What Do I Want, John Henry?

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What Do I Want, John Henry?
1862 (November)
Alexander Gardner
1821-1882
Albumen silver print
6 13/16 x 8 13/16 in.
The Art Institute of Chicago
Gift of Mrs. Everett Kovler
1967.330.27

How does the African American man in this photograph—John Henry—respond to the seated officer facing him? What Do I Want, John Henry? is an image of Union officers with their contraband servant, John Henry. “Contraband” was a term used to describe slaves who escaped their Southern plantations and offered their services to the Northern army. They were often put to work as cooks, guides, and laborers. According to the photographer’s own caption for the image, the title comes from a question the captain would occasionally ask John Henry. The photograph is a joke at the servant's expense, since he is offering a jug of liquor to the captain "as the only appropriate prescription for the occasion that his untutored nature could suggest."

Albumen prints like this provide a great deal of detail to everything in the scene. Can you see the sword on the ground near the officer on the left? Can you see his shiny boots and the pipe he holds in his hand? But there is another aspect to this photograph. Doesn’t John Henry himself look nervous and uncomfortable? Even though John Henry has freed himself, he is being treated not as a free man but as a slave, teased by his new “master” and by the photographer, too. Abolitionists protested how some Northern soldiers treated blacks, but many white Northerners saw nothing to object to, and would have found this photo very funny. African Americans may have been better off in a Union camp, but they still had to endure insults and bad treatment from soldiers in the Northern states.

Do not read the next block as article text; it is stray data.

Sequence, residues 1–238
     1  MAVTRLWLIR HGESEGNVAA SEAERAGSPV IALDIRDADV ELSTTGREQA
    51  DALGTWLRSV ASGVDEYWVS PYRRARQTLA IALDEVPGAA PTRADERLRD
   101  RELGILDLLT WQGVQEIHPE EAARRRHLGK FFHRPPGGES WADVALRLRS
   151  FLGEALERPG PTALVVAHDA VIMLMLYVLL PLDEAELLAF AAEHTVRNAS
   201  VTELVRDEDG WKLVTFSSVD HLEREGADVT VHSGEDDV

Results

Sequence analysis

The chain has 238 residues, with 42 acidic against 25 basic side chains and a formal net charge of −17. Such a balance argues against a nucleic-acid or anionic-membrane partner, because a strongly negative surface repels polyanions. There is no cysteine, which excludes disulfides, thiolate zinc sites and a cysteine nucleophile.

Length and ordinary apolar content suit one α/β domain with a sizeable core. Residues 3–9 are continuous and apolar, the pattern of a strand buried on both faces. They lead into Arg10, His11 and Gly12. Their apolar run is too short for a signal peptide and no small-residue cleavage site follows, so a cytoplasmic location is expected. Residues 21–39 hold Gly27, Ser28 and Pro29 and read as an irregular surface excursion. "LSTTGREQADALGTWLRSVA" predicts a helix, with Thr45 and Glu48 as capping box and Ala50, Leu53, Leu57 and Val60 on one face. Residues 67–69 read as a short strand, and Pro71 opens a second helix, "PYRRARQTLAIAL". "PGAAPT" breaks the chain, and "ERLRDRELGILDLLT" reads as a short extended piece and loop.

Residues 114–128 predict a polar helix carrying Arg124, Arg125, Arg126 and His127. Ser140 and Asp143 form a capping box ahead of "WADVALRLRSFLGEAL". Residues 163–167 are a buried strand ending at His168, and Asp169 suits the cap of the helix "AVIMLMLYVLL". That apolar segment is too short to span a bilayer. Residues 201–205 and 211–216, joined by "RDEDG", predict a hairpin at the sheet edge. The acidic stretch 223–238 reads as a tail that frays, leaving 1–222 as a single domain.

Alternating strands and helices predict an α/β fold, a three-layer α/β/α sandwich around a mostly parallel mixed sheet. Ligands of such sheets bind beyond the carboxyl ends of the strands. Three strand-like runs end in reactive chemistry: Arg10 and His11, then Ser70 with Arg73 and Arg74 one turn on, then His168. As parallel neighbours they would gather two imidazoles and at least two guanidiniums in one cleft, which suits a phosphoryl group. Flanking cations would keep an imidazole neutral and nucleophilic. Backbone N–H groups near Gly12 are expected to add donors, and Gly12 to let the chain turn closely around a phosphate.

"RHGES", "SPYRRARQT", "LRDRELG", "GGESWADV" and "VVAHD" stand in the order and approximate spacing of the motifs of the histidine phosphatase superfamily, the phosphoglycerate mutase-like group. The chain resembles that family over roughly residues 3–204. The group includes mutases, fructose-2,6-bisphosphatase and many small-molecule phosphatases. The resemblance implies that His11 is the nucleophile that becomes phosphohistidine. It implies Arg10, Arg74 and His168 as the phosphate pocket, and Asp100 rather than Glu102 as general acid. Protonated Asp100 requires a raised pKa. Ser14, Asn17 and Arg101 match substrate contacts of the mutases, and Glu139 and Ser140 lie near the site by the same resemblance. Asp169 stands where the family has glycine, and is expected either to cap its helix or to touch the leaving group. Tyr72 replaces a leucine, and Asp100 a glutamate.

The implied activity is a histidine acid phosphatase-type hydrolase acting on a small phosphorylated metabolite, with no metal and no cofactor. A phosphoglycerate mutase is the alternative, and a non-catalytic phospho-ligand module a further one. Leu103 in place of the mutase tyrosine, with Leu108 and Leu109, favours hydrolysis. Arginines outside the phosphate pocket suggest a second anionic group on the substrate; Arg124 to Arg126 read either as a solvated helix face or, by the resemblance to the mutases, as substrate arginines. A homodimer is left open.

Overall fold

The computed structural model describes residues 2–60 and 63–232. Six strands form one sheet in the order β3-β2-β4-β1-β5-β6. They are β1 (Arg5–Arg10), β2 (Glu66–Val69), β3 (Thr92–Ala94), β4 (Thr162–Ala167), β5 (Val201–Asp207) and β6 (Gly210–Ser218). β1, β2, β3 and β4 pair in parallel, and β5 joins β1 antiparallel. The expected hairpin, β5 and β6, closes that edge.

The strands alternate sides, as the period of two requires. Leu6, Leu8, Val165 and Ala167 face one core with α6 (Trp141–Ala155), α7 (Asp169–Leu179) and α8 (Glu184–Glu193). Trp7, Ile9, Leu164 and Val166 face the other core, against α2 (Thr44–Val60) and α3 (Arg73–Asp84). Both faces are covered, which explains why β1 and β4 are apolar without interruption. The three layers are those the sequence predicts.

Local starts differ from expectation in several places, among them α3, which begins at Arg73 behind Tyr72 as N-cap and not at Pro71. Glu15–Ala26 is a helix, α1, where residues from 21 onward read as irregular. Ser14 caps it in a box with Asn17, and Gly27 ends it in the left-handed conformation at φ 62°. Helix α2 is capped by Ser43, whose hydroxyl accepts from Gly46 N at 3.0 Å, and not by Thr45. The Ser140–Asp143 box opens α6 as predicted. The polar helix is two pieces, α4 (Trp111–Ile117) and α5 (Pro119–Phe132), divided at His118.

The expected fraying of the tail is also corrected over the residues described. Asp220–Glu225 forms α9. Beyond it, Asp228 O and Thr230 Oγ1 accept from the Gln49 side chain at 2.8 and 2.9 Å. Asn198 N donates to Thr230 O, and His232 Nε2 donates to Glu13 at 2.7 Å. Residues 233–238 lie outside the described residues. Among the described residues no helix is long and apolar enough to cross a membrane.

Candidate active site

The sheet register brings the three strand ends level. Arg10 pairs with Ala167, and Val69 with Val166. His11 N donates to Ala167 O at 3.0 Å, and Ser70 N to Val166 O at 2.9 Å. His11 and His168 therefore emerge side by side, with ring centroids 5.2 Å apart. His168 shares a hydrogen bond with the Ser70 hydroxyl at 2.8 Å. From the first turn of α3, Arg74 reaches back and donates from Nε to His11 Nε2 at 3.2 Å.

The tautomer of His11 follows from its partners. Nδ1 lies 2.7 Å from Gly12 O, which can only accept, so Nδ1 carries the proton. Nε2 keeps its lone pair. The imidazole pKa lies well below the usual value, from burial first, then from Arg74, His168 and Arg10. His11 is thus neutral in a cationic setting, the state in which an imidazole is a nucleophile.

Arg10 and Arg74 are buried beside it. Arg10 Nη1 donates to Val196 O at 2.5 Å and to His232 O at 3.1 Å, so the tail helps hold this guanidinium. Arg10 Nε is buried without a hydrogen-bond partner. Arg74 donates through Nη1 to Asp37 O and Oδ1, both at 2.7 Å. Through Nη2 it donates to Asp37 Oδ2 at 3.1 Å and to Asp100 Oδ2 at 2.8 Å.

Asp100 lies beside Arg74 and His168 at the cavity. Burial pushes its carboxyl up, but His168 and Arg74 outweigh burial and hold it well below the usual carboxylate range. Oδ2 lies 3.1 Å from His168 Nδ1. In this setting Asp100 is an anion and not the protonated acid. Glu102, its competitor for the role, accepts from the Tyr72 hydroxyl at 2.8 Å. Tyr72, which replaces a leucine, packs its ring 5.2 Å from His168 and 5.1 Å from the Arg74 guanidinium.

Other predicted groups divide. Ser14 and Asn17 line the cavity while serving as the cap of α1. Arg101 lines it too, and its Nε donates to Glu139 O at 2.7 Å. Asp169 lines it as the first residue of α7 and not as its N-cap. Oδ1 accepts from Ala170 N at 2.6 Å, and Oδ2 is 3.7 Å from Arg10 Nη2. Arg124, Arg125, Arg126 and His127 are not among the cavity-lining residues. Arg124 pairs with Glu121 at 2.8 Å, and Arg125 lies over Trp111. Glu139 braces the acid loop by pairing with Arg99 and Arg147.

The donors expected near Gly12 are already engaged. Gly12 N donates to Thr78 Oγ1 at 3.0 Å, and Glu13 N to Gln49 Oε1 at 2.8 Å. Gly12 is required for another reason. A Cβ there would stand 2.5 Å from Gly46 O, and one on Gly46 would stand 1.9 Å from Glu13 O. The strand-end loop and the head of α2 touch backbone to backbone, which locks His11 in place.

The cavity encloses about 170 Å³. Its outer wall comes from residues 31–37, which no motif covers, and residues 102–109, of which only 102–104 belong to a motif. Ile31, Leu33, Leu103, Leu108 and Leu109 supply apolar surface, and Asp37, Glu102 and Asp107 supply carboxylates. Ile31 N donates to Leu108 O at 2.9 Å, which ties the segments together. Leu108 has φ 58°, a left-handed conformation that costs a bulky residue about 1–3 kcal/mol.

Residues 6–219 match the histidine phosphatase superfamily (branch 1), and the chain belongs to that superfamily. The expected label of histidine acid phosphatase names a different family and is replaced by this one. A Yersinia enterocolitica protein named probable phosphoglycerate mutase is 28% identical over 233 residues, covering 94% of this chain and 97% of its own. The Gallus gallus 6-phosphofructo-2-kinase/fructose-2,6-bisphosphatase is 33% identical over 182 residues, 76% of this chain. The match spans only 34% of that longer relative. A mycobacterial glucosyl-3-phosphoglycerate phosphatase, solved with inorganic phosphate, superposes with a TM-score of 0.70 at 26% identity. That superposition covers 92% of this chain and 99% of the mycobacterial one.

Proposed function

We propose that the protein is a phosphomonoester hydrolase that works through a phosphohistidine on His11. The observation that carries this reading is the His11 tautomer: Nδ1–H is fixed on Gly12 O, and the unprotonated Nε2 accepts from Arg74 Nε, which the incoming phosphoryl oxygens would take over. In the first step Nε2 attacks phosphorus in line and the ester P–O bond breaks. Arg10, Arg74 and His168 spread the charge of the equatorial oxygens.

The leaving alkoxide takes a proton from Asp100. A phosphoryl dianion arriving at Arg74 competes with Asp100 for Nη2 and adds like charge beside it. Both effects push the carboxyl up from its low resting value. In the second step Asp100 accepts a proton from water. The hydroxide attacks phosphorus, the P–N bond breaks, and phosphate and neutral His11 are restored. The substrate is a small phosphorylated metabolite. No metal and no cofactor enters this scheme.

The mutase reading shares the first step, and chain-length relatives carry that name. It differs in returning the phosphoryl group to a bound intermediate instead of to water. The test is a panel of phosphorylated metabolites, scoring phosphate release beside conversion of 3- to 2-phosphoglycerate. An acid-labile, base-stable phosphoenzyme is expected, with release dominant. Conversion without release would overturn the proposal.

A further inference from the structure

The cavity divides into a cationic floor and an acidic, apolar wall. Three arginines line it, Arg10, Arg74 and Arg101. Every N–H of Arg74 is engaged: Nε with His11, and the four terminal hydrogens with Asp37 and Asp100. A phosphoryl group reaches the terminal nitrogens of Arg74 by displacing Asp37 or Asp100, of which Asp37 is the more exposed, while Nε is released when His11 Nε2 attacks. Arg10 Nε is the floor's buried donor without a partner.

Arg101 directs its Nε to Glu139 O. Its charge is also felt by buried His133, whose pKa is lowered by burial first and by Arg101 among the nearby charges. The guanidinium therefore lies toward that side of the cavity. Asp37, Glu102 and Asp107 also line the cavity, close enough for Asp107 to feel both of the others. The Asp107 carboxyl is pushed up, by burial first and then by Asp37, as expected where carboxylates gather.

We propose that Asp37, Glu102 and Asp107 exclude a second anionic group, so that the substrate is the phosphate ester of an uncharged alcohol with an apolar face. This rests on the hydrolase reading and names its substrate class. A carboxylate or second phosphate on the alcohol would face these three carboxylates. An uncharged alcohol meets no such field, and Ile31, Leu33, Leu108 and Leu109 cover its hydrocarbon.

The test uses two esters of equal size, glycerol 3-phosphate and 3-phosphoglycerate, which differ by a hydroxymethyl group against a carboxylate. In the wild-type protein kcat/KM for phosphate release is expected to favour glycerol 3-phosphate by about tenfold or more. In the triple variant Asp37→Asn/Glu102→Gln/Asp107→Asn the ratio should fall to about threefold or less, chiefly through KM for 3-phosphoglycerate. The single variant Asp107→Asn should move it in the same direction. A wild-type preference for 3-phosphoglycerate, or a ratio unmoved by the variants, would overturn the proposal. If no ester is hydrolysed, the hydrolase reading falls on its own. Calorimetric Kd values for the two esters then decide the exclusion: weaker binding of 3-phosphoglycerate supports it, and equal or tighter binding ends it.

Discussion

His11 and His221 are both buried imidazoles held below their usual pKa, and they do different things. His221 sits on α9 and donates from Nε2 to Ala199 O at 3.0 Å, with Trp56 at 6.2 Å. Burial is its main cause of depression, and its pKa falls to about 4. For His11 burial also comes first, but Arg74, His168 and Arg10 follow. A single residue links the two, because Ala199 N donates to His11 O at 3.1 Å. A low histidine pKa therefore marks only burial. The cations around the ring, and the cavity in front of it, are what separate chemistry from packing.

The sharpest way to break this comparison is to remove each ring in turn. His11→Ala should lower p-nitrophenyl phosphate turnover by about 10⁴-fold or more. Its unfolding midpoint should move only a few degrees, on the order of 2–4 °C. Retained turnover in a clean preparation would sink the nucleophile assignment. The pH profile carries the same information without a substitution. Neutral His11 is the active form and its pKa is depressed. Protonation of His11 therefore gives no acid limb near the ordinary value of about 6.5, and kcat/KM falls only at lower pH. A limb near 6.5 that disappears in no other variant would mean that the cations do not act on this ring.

Questions:
1. Officers had more supplies and were treated better in the field than ordinary infantrymen (including having personal servants). If we could go into their tents, what kinds of things do you think we’d find there?

2. This photograph is not a candid shot; it is carefully posed. The photographer and the officers have very specific ideas about how they want to be shown. What do the poses of all the men—including John Henry—suggest about their importance and role as soldiers?

3. Examine how African American men in other artworks on this website are portrayed. Can you compare them with the portrayal here? How does John Henry’s picture look next to an image of a slave, or to an image of a black soldier?

Further reading:

Foner, Eric. "The Civil War and the Story of American Freedom." Art Institute of Chicago Museum Studies 27, no. 1 (2001): 8-25 (plate 2, p. 14).

Gardner, Alexander. Gardner's Photographic Sketchbook of the American Civil War 1861-1865. New York: Delano Greenidge Editions, 2002.

Lee, Anthony W. On Alexander Gardner’s Photographic Sketch Book of the Civil War. Berkeley: University of California Press, 2008.


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